About Ericsson
Ericsson enables communications service providers to capture the full value of connectivity. The company’s portfolio spans Networks, Digital Services, Managed Services, and Emerging Business and is designed to help our customers go digital, increase efficiency and find new revenue streams. Ericsson’s investments in innovation have delivered the benefits of telephony and mobile broadband to billions of people around the world. The Ericsson stock is listed on Nasdaq Stockholm and on Nasdaq New York. www.ericsson.com

References:

https://www.globenewswire.com/news-release/2020/08/31/2086269/0/en/Qualcomm-Casa-Systems-and-Ericsson-Achieve-World-s-First-Extended-Range-5G-NR-Data-Call-Over-mmWave.html

https://www.telecompaper.com/news/qualcomm-casa-systems-ericsson-achieve-extended-range-5g-data-call-over-mmwave–1352053

https://www.ericsson.com/en/news/2020/8/5g-carrier-aggregation

https://www.qualcomm.com/invention/5g/5g-nr/mmwave

Nokia & Omdia: 5G could bring up to $3.3 trillion to Latin America by 2035- vs 13% of mobile subs in 2025?

Executive Summary:

5G services could bring up to $3.3 trillion to Latin America by 2035, according to a new study by Nokia and research firm Omdia.  The study, titled ‘Why 5G in Latin America?’ notes the uncertainty around the ongoing Covid-19 pandemic – yet alongside the projected $3.3 trillion in economic and social value promised by 5G, a $9 trillion improvement in productivity is also predicted.

We question what this optimistic forecast is based on since we haven’t been able to identify any real 5G use cases with current and near future 5G deployments.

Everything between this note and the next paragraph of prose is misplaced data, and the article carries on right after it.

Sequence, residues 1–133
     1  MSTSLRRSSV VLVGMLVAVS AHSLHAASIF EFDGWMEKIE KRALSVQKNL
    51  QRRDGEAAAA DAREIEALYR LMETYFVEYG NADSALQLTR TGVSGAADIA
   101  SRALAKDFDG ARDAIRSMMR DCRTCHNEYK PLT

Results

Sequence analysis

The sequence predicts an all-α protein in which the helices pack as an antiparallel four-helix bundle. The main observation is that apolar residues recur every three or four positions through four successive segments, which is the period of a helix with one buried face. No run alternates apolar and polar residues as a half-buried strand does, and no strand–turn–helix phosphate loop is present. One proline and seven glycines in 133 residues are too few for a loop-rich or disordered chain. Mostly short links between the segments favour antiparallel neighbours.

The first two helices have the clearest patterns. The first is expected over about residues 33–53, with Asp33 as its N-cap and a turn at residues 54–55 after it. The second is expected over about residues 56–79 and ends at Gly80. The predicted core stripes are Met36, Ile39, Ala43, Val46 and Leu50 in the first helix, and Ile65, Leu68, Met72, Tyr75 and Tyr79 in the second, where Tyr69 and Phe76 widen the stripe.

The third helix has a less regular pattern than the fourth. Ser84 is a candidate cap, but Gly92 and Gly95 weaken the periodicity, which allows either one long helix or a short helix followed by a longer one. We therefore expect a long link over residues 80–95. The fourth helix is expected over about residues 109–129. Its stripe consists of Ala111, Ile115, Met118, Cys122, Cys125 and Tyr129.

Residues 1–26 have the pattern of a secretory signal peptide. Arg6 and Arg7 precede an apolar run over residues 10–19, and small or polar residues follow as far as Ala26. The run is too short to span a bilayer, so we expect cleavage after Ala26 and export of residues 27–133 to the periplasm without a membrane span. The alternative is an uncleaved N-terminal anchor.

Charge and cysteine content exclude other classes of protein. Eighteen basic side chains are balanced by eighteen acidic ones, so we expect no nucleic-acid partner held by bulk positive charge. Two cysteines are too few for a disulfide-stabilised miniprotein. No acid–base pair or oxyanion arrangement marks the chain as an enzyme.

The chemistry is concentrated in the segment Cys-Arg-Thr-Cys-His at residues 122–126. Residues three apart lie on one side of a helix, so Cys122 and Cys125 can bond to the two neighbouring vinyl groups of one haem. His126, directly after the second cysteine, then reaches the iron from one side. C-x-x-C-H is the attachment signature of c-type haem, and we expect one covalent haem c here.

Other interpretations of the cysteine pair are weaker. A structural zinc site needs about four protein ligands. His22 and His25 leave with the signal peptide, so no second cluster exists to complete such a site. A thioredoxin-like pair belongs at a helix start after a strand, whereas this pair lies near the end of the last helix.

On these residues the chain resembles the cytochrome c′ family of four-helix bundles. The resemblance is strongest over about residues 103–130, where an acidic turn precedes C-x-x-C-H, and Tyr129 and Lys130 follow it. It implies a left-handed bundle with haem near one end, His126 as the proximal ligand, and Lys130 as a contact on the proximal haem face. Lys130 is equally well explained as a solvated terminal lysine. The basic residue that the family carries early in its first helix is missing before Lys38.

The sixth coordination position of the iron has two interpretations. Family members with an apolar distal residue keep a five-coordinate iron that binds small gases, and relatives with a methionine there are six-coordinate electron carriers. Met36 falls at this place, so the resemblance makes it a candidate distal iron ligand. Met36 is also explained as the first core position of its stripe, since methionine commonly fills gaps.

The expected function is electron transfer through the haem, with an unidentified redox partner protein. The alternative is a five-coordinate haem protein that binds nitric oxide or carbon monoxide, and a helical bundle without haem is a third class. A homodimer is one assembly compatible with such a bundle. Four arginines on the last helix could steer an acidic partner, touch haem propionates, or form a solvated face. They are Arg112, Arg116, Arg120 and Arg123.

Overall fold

Latin American operators have been relatively silent, apart from some trials, a deployment in Uruguay, and recent soft launches using DSS in Brazil.
This caution is understandable considering the late adoption of 4G. Omdia estimates that 4G in Latin America is about 52% of lines and 3G about a third (as of year-end 2019). Even 2G remains important at 13%, and it will not disappear until well after 2024.

To ignore the potential of 5G is to miss a considerable opportunity or leave it to one’s competitors, according to Omdia.  This report shows the opportunity in the mass market, as a fixed broadband substitute, and in the enterprise market. The mass-market opportunity is based on the immersive technologies powered by 5G that will take our digital experiences to the next level and beyond.

The enterprise opportunity is less familiar because it has not been as important a play in 3G and 4G as Omdia believes it will be in 5G. All Latin American enterprises must explore digital transformation to remain competitive in the rapidly evolving global economy. Latin American governments must transform themselves and, more importantly, encourage digital transformation in their economies to improve productivity and return the region to real growth in income per capita.

5G is not an option but an imperative, and this report discusses what service providers and policy makers must do to get ready. There is a brief overview in the Appendix for those who would like to understand more about 5G technology.

The pandemic can be seen as a major opportunity point for digitisation of essential sectors, such as healthcare and emergency services, manufacturing, and the supply chain. Yet a major roadblock remains; a gap between the haves and have-nots for broadband penetration and connectivity.